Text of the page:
• With: Charles Payne, Melissa Francis, Charlie Gasparino, Adam Lashinsky

    DISCLAIMER: THE FOLLOWING "Cost of Freedom Recap" CONTAINS STRONG OPINIONS WHICH ARE NOT A REFLECTION OF THE OPINIONS OF FOX NEWS AND SHOULD NOT BE RELIED UPON AS INVESTMENT ADVICE WHEN MAKING PERSONAL INVESTMENT DECISIONS. IT IS FOX NEWS' POLICY THAT CONTRIBUTORS DISCLOSE POSITIONS THEY HOLD IN STOCKS THEY DISCUSS, THOUGH POSITIONS MAY CHANGE. READERS OF "Cost of Freedom Recap" MUST TAKE RESPONSIBILITY FOR THEIR OWN INVESTMENT DECISIONS.

    UNIONS NOW COMPLAINING ABOUT PARTS OF THE HEALTH CARE LAW

    CHARLES PAYNE: The promise that was made to the unions probably changed, because the White House was pretty clear that the unions were going to get a break from certain parts of the healthcare law, like taxes on Cadillac plans. I think they are shocked about how this 30-hour work week rule is hurting workers.

    MELISSA FRANCIS: Everyone is looking for their own special carve out, and they can't find it. I talked to a CEOs this week who said they are kicking spouses off their healthcare plan because, when they look at all the ugly choices, that is the least ugly one. They can cut people's hours, fire workers, but they don't want to do that because they need the workers. No matter what, it is going to be painful. That was always the economic reality. I hate it when people who can't do math, go out there and make laws, because eventually the math comes home to roost.

    CHARLIE GASPARINO: I am relishing the fact that you guys like unions all of the sudden. I think conservatives should not be siding with the unions right now. I'm not a fan of the healthcare law; it's so obvious that this thing doesn't work and the administration is starting to screw over its own constituents.

    ADAM LASHINSKY: I don't agree that it's in trouble. I did not see as much inconsistency for Trumka as you all did. The exchanges are getting up and going, and is the law not falling apart. Although that is what a big segment of the Republican Party wants.

    REPORT: STRIKE ON SYRIA MAY FUEL CYBER ATTACKS ON U.S. INTERESTS

    MELISSA FRANCIS: I think we have become complacent in cyber attacks. They attack your bank, but you don't lose any money. They attack the New York Times, and it's more of a breather for everything than an actual attack. I worry about energy infrastructure and the electrical grid; both seem like something that could be targeted relatively easily. I also worry about the water supply. I wonder why we haven't seen that, and I think the attacks will get more sophisticated. We will continue to be complacent until we feel the pain.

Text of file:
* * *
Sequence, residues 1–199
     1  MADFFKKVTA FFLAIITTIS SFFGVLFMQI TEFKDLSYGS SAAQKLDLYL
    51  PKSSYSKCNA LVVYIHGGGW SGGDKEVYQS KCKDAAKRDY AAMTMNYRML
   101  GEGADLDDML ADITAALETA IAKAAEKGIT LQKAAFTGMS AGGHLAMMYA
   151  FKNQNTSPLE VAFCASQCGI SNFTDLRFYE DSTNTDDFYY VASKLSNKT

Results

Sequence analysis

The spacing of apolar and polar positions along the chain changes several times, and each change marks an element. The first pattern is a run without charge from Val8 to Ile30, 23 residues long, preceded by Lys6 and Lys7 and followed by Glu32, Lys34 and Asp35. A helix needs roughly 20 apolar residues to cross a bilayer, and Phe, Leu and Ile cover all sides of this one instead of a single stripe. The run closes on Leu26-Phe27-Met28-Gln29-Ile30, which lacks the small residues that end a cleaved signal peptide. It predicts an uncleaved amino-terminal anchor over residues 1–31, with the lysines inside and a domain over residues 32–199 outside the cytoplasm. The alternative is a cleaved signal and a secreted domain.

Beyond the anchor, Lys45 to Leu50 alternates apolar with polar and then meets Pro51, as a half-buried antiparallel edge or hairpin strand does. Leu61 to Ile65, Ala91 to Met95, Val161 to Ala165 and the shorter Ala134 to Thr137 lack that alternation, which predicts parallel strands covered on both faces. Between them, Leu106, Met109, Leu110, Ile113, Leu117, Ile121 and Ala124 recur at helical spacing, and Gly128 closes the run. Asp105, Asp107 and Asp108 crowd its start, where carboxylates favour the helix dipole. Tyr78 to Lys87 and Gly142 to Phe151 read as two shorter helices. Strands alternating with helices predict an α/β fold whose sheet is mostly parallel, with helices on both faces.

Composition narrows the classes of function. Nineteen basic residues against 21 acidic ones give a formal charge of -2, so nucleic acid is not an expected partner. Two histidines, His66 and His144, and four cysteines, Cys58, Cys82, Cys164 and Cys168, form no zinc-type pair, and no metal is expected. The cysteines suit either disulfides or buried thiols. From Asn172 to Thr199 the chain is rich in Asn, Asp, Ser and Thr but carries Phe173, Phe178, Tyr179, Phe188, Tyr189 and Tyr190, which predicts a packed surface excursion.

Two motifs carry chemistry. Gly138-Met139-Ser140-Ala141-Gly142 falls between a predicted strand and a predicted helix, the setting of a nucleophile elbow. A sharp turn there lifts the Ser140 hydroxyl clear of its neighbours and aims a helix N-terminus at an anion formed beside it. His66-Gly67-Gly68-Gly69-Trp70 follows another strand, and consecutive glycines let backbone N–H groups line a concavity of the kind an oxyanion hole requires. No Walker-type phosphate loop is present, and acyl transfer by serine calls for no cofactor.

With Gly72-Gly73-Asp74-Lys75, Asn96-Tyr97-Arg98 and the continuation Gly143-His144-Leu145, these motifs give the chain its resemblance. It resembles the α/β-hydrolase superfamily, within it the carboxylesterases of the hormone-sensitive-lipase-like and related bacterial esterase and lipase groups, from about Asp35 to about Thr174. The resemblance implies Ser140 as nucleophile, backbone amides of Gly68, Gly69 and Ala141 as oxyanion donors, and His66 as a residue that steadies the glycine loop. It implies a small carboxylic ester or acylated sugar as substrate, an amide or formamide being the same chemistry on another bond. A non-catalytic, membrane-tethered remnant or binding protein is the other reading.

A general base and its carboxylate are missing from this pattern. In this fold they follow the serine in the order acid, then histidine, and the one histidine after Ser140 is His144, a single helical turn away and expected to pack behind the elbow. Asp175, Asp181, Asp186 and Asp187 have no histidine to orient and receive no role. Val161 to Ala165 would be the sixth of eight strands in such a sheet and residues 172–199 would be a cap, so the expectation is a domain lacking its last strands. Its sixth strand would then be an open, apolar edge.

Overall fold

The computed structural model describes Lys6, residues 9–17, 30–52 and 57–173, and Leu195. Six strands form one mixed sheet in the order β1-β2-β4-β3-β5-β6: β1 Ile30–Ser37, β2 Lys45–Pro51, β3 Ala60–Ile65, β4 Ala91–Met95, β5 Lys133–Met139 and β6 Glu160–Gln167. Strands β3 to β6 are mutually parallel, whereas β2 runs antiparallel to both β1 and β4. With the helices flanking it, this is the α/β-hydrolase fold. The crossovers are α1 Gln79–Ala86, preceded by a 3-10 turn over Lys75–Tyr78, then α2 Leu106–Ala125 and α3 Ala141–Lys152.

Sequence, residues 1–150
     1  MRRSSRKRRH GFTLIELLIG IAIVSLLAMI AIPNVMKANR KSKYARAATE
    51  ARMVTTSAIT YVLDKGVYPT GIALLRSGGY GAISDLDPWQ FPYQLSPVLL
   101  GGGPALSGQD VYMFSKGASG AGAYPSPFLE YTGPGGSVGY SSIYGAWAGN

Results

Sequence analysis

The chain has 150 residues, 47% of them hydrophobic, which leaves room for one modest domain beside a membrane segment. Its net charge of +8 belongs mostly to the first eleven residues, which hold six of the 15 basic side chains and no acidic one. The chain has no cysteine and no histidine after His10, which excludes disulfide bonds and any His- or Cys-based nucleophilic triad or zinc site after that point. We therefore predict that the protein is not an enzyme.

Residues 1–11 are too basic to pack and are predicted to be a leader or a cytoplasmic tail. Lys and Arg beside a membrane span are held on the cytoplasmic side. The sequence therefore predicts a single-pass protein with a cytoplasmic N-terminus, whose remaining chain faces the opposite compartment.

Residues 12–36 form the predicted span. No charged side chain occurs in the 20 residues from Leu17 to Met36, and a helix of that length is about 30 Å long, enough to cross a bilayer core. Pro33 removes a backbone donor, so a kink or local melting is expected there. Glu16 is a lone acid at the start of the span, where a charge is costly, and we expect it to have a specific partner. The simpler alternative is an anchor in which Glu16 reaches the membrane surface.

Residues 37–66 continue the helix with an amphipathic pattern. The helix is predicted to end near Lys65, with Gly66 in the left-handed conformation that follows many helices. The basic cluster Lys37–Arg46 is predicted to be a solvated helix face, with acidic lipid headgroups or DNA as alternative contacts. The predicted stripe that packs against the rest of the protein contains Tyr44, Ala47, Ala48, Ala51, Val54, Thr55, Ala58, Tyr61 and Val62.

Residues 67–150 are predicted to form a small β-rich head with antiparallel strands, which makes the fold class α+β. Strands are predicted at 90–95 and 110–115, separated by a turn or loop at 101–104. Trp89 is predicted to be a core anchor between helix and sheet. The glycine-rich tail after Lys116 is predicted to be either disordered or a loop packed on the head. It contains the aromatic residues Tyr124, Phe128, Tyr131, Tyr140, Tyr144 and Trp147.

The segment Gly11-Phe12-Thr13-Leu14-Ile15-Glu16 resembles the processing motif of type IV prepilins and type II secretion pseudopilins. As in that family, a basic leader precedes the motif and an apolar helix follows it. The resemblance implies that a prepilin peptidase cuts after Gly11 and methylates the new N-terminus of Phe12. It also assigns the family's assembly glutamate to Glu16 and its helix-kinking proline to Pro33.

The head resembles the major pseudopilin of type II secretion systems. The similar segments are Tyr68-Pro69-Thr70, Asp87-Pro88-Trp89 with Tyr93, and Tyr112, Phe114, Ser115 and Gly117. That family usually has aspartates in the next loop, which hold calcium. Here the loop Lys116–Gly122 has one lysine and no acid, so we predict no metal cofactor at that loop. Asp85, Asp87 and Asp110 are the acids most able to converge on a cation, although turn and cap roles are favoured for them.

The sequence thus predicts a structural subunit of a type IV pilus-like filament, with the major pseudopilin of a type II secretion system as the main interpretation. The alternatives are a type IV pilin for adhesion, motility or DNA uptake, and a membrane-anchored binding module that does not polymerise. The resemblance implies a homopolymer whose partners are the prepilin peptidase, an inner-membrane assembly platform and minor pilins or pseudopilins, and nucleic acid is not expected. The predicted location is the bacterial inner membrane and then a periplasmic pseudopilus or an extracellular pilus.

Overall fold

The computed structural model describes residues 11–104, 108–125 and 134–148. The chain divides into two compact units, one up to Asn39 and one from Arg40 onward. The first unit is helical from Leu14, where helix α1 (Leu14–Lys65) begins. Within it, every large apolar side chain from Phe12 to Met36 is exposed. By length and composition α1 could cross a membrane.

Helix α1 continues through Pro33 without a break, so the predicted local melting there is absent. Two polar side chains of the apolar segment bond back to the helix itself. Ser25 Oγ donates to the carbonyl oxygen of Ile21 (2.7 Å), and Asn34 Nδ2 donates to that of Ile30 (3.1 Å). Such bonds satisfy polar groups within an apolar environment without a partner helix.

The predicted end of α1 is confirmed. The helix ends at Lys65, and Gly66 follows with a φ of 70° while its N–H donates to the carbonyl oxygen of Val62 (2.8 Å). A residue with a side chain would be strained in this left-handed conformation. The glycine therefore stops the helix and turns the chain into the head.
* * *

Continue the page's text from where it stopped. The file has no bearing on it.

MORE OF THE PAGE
CHARLIE GASPARINO: People at banks receive cyber attacks every day. They've been dealing with attacks coming from Iran and North Korea. Syria wasn't really on the list the last time I checked about a month ago. I'm told both the North Koreans and the Iranians are sophisticated with their cyber attacks.

    CHARLES PAYNE: This kind of reminds me of the events leading up to 9/11. We have little attacks and there were a lot of yellow flags out there that were more or less dismissed. I'm worried about whether our government dismissed it because they don't know how to fight it or they can't fight it. Or we are living in a serious case of false reality.

    ADAM LASHINSKY: I agree that this is a relatively new problem. A week before last, I interviewed the Secretary of the Treasury Jack Lew and he pointed out that in the financial crisis in 2008-2009 this was barely on the agenda. Now it is a big item on the financial agenda and the security agenda. The good news is that the Pentagon is totally on this.

    MORE SCHOOL DISTRICTS ARE DROPPING OUT OF THE GOVERNMENT'S 'HEALTHY' SCHOOL LUNCH PROGRAM

    MELISSA FRANCIS: I talked to one school superintendent who dumped it, and he said he was forced to feed kids a wheat crust cardboard pizza with grape tomatoes and diet dressing. The kids didn't eat it, so they were falling asleep in class and they weren't participating in after school programs. Meanwhile, he put together a turkey sandwich on honey wheat bread, that sandwich didn't qualify and the feds were mad at him because it wasn't nine grain bread. He decided to tell the feds to take their program and shove it.

    CHARLIE GASPARINO: Most school lunches are disgusting and fattening. I think the kids would be better off not eating anything. Most working class or poor school districts can't afford the fresh food. So what do they do? They give the kids this other garbage. I think the alternative is often worse. Kids would be better off not eating than eating that garbage.

    ADAM LASHINSKY: Charlie is making a good point; it is a good thing to have healthy guidelines.

    CHARLES PAYNE: The government has a role in suggesting and encouraging, but guidelines are guidelines. They shouldn't tell my kid what he can or can't eat in school.

    CHARLES PAYNE's STOCK PICKS

    (GT) GOODYEAR TIRE

    (CRUS) CIRRUS LOGIC

    (GRPN) GROUPON